3. Independence of the unit lattices. Any two regions are causally independent, if they match by spatial translation that maps a unit lattice to another.

4. Finiteness. The scheme should be able to decompose all of the spatial dimensions, so that the size of the unit lattice is finite in all dimensions of spacetime.

Condition 1 allows us to use a simple, SPMD-like programming model. Condition 2 lets us evaluate each region independently, without overlapped computations. Condition 2 and 3 allow us to evaluate unit lattices located on a temporal plane t in any order, or in parallel. Condition 4 is needed to achieve scaling up to thousands and millions of nodes.

There already exists several state-of-the-art temporal blocking methods that satisfy all of the four conditions. One way to achieve such a tiling is to apply the trapezoidal tiling recursively to each spatial dimension [4], which is called "nested splitting." In this method (c.f. Figure 6a of [4]), the unit lattice consists of 2d polytope regions such as hyperfrustums, parallelotopes, and other shapes. Another way to satisfy the four condition is to fill the spacetime with tilted hypercubes [1]. These two approaches are generalizations of trapezoidal tiling and diamond tiling to higher dimensions, respectively.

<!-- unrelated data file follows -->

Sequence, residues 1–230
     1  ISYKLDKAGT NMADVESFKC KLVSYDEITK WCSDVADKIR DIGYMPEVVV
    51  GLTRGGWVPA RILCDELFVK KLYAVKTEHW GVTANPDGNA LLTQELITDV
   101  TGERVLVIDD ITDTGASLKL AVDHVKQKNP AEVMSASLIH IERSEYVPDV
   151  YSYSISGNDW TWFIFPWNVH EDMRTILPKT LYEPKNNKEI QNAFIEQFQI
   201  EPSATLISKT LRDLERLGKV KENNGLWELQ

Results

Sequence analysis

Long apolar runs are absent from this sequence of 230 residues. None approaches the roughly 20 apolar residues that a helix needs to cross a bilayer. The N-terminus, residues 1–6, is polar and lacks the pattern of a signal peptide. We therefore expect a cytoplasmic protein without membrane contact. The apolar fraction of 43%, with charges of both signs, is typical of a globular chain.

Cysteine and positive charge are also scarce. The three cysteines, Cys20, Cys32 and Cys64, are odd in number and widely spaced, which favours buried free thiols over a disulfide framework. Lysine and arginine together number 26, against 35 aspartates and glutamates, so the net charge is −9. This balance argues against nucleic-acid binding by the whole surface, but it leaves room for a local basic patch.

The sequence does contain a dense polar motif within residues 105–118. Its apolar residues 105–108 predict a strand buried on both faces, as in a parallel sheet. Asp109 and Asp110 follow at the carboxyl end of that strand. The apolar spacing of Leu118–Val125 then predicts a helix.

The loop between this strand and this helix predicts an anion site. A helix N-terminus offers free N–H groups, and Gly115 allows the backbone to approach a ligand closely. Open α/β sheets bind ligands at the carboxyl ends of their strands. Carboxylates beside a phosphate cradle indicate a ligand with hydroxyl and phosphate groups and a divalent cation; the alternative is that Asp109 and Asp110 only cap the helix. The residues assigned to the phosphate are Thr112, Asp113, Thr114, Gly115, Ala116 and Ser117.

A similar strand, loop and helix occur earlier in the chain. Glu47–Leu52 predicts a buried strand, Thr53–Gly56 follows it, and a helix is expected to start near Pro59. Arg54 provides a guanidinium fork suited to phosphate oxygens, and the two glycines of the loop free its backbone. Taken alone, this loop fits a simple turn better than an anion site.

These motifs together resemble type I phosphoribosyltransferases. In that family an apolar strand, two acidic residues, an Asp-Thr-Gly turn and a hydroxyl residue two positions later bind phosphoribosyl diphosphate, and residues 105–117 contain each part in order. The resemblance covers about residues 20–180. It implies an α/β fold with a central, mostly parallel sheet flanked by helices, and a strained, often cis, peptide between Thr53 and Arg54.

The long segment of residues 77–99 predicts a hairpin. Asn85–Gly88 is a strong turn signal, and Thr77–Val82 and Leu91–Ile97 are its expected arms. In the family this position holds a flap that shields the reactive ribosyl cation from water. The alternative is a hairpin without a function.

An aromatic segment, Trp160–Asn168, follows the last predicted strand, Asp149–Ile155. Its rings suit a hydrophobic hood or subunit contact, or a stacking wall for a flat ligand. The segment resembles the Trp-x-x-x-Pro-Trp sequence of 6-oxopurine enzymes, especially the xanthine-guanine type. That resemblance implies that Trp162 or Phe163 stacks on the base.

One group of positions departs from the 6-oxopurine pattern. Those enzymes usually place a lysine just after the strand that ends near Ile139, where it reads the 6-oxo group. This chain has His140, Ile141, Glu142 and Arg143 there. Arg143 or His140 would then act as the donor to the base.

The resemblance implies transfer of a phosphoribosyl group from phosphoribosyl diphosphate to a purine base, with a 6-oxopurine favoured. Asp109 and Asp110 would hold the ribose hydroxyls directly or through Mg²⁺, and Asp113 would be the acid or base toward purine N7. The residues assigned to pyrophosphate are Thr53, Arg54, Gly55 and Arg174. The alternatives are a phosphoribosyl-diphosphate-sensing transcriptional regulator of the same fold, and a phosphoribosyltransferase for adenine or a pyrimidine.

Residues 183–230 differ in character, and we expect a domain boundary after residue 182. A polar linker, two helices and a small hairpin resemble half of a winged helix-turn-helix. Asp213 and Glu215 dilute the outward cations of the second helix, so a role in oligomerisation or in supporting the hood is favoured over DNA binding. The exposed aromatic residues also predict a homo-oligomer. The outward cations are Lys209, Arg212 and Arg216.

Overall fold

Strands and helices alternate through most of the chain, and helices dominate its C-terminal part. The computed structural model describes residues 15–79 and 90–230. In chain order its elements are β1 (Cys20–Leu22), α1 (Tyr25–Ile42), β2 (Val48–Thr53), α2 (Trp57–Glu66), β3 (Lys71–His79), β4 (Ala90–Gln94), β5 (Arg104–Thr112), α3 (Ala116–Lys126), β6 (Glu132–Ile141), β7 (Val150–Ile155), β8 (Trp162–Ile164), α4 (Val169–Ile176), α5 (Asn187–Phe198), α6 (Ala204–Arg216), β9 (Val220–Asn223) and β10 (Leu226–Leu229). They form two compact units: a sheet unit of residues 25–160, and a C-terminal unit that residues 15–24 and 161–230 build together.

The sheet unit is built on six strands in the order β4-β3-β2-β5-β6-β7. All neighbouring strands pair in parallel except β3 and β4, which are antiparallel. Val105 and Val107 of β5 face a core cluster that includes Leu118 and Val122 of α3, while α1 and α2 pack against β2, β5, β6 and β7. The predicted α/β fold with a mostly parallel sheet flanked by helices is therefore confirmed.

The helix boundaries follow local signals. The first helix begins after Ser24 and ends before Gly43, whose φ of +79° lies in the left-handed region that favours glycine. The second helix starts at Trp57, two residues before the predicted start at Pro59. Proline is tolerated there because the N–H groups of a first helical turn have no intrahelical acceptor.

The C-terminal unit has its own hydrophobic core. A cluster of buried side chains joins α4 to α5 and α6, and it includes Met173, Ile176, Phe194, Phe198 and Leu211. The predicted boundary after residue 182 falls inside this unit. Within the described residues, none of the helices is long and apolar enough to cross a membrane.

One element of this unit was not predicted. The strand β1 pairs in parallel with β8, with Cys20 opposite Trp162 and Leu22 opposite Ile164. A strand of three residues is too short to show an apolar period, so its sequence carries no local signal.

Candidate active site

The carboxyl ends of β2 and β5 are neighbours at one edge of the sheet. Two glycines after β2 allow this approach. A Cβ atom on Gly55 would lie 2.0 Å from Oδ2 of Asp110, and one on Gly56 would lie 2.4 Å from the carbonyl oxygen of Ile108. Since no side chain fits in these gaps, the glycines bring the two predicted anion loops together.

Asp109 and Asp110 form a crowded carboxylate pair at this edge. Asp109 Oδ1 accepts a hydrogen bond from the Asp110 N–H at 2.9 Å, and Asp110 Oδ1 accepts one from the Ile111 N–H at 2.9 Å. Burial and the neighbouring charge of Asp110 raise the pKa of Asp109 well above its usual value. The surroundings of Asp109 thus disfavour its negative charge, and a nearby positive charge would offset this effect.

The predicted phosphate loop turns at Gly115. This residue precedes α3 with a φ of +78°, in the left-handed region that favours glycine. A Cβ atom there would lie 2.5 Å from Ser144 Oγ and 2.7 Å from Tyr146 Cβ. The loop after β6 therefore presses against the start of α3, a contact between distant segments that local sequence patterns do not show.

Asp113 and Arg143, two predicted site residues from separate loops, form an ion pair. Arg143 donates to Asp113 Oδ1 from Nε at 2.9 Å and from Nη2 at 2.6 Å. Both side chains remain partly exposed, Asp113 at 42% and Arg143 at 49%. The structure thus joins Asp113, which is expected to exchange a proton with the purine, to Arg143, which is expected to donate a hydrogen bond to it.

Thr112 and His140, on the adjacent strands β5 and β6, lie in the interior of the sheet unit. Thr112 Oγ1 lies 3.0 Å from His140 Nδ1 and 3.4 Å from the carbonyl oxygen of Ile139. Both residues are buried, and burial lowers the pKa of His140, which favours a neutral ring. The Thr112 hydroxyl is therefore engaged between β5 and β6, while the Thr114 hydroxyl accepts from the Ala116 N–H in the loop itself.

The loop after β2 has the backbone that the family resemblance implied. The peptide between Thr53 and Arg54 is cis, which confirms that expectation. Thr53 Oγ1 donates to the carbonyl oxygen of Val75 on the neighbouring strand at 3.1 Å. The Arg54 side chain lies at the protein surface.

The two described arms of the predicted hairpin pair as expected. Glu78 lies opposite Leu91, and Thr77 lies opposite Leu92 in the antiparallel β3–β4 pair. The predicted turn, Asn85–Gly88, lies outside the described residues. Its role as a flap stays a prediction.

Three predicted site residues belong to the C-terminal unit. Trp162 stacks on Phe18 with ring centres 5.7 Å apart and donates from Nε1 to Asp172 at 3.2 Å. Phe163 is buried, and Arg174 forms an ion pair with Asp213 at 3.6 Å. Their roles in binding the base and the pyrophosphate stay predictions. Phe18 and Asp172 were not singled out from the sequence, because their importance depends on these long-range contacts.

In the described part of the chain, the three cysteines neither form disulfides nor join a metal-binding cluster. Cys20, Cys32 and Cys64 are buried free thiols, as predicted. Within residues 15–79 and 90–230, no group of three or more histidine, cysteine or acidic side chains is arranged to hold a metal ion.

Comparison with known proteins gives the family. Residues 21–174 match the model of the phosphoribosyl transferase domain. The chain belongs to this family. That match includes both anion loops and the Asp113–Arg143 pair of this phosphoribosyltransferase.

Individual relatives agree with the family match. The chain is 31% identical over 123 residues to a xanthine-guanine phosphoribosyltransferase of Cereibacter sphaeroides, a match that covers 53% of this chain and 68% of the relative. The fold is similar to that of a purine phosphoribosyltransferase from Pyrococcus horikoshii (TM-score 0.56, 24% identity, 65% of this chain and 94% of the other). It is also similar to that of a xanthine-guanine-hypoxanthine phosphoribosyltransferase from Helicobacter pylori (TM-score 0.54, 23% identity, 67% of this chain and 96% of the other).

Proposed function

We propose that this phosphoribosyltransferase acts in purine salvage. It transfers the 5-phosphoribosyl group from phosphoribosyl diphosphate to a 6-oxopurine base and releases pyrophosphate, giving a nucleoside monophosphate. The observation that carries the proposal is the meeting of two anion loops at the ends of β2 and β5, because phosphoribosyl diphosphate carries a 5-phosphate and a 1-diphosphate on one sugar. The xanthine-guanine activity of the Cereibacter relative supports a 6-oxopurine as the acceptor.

In this paper, we show that the theoretical limit for the B/F reduction exists. In §2 we show, under certain assumptions, that 2dNS/Ncached is the lower limit for the B/F reduction that can be achieved by temporal blocking. Here NS is the halo size of the stencil, and Ncache is the number of cells that fit into the cache. In §3 we give a temporal blocking method that achieves this lower limit. In §4 we describe its execution model, and then estimate the performance of the proposed method when applied to several typical stencils on present-day CPUs. Finally in §5, we discuss the implications of the limit, and the possibilities of future software and hardware designs to overcome the limitations of the memory bandwidth.

2 Conditions for the Optimal Temporal Blocking

In this paper, we limit the scope of our analysis to variants of temporal blocking where computation within each region proceed in time direction. We have found that the same lower limit

for the B/F reduction exists for variants of the nested splitting where the computation proceed in space direction, and we will discuss it in more detail in the Appendix.

Tile shapes covered by our analysis include the orthotope, the parallelotope, the trapezoid, and the tilted hypercube. We have found that their asymptotic B/F behavior can be expressed in the following common form:

B/F = rptrad (4)

where r = Nf + 2N + (5'

Because typical values for three-dimensional applications are NS = 3 ~ 4, and NT = Ncache1/d — 100, the second term in Equation (5), 2dNS/NT — 0.2 dominates over the first term if Np > 5. As a result, the reduction of B/F is limited by this term even for very large

values of NF .

Of the two terms 1/Np and 2dNS/NT in Equation (5), the former corresponds to the data transfer in time direction through initial and final boundaries, while the latter corresponds to that in space direction through the stencil halo. In Figure 1, they are represented in red and blue line segments, respectively. Using these words our finding can be rephrased as follows. In the large-Np limit, the halo term dominates the main memory bandwidth. The design of optimal temporal blocking, therefore, should be guided by the optimization of the halo term.